The system relates also to the formation of printed characters by the selective application of ink jet nozzles of an ink jet head. This involves energizing an ink jet head as a moving sheet of paper reaches a first position adjacent to the head to form a first part of a character by projecting ink onto the paper from an ink source including at least one ink jet nozzle. It involves then energizing said ink jet head as a moving sheet of paper reaches each successive position to form additional parts of a character by projecting ink from an ink source including ink jet nozzles different from the nozzles employed at the last preceding position of the sheet of paper, whereby, parts of a character are formed in such a way that dots in adjacent point positions are formed by different ink jet nozzles.


FIG. 1 is a block diagram showing an arrangement of a control system for an ink jet printer in accordance with the invention;

FIG. 2 is a diagram showing an arrangement of ink jet nozzles, when viewed from the front of the nozzle head, for convenience in describing the operation of the invention;

FIG. 3 is a chart illustrating the order of firing ink jet nozzles arranged according to FIG. 2 to provide a representation of the letter E in accordance with the invention; and

FIG. 4 is a chart illustrating the format of an E constructed by use of the firing sequence shown in the chart in FIG. 3.


Turning now to FIG. 1, a BDS or Burroughs Data Systems processor P2 is shown as a primary source of information fed to the present invention. This processor designates what is to be printed and where it is to be printed on each document being processed. This information, which may include a line of words to be printed, is transmitted in the form of input signals over a bus B2 to a thirty-two word FIFO buffer, or first-in first-out memory, M2 which interfaces the BDS processor with the microcontroller P4 and with other elements of the system to be controlled. In a preferred embodiment, the FIFO buffer is an AM 2813 A from Advance Micro Devices or other sources and the microcontroller (P4) used is a single component 8-Bit Microcomputer, such as an 8035, manufactured by Intel and available from other manufacturers as well.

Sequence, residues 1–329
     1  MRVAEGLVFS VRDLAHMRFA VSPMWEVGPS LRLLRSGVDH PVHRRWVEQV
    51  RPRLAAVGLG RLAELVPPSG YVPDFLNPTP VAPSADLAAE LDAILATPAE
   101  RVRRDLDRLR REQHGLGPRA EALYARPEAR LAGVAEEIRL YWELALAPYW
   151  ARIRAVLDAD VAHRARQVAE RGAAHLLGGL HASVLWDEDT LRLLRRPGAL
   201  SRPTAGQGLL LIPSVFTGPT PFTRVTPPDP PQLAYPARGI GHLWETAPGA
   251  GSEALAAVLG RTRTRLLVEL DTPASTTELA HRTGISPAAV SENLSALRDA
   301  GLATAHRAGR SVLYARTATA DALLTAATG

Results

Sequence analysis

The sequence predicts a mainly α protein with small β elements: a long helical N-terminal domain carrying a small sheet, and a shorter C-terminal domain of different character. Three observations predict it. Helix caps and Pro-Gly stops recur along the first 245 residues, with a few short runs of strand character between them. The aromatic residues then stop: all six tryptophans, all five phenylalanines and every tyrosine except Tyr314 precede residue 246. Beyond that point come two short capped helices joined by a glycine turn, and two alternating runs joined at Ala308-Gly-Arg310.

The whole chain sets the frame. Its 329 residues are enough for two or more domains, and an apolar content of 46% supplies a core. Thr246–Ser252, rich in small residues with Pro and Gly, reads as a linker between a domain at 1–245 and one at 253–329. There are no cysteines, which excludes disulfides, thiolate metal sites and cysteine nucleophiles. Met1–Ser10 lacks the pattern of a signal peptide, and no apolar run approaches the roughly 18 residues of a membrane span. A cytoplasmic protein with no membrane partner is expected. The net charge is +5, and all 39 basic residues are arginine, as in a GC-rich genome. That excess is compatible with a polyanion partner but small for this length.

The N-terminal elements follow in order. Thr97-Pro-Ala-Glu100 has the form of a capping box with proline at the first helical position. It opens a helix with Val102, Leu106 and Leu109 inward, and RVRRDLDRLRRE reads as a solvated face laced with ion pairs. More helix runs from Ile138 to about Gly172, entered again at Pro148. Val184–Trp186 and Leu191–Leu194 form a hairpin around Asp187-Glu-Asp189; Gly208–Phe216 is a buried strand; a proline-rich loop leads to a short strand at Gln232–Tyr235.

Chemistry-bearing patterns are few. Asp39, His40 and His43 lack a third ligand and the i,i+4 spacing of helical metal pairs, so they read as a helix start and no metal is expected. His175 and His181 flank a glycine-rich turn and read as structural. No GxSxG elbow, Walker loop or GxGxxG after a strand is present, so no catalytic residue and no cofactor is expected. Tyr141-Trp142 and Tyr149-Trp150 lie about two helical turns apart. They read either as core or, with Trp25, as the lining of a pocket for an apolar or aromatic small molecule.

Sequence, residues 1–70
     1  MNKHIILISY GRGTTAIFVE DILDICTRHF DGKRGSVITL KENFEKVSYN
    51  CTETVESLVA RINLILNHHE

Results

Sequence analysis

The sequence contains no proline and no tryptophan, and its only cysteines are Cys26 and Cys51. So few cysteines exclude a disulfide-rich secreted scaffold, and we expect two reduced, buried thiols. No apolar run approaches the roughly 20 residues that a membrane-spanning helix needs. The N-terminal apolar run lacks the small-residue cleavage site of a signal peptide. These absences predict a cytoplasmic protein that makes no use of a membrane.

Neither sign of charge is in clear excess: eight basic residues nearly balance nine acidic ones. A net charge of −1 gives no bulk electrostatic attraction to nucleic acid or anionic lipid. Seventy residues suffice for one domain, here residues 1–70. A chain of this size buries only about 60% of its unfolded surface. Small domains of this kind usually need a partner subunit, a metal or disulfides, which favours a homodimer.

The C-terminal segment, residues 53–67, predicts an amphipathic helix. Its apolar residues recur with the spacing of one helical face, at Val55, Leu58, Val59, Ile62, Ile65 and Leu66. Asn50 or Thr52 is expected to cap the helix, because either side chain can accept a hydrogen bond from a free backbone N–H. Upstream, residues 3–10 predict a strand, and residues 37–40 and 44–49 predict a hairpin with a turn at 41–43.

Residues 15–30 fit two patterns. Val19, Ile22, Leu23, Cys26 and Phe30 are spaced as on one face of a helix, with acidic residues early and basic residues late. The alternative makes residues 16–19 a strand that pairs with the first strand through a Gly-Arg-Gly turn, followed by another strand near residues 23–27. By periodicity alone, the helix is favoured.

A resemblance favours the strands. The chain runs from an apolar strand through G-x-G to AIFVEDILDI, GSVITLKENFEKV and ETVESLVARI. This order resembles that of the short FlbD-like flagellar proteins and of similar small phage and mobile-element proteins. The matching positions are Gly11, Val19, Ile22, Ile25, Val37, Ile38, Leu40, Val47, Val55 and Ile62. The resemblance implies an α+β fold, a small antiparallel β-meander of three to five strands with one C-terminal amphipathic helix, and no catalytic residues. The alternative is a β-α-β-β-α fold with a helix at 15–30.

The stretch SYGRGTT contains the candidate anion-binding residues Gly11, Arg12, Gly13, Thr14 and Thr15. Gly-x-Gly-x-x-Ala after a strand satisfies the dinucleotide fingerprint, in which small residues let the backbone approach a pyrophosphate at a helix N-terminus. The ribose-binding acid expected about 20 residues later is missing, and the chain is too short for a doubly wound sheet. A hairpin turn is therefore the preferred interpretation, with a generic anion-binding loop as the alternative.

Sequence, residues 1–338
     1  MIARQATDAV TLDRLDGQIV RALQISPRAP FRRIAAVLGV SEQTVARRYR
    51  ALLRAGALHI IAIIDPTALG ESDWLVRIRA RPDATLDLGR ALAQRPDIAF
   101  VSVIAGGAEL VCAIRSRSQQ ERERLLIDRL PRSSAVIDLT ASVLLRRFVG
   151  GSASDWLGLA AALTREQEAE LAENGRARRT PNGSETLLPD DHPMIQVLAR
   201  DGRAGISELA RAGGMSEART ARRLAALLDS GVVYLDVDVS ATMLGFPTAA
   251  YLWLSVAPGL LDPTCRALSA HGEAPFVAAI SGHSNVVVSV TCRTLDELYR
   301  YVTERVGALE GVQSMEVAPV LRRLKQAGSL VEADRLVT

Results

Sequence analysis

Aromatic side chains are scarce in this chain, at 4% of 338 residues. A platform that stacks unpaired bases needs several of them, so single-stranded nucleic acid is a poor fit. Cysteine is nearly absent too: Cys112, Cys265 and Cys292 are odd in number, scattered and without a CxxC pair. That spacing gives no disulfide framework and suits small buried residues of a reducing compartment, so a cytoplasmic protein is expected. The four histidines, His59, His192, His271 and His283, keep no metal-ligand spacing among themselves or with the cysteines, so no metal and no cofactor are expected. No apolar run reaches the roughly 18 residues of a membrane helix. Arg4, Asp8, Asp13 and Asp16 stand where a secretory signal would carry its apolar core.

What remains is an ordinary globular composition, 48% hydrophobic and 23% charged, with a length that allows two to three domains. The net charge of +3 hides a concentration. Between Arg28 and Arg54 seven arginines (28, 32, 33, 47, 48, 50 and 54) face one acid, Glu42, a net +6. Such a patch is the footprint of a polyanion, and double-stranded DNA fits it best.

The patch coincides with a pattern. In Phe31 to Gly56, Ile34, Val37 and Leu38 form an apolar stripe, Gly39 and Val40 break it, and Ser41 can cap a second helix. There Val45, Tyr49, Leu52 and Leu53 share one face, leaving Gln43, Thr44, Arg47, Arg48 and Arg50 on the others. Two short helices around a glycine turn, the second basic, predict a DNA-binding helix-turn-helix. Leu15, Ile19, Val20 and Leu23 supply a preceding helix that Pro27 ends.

Other inputs to the system are provided over lines 4 and 6. These inputs are essentially timing signals to indicate when certain conditions have occurred and are used in the control of the microcontroller. The signals over line 4 are from a sensor (not shown) which advises when the presence of a document has been sensed in preparation for printing on the document. The signals over line 6 are clock signals from a sensor (not shown) operated in cooperation with a timing disc driver in synchronization with a drive wheel of the printer. The signals over line 6 enable the microcontroller to determine the speed at which a document is moving and, in conjunction with the document sensing signal over line 4 and the input signals originating from P2, to determine precisely when the ink jets are to be operated to print symbols in proper places on the documents.

The FIFO buffer M2 may be controlled over the read line 2 from the microcontroller P4. When a read signal is received at the buffer over line 2 from P4, information specifying the characters to be printed and the location of printing is transferred from the buffer M2 over the bus B4, the bus B6 and the bus B8 into the internal memory of the microcontroller P4. When a document arrives at a position where it is to be printed, as determined from data supplied over lines 4 and 6, the microcontroller P4 transmits required information over the buses B6, B8 and B12 for printing, as will be explained in detail in the following.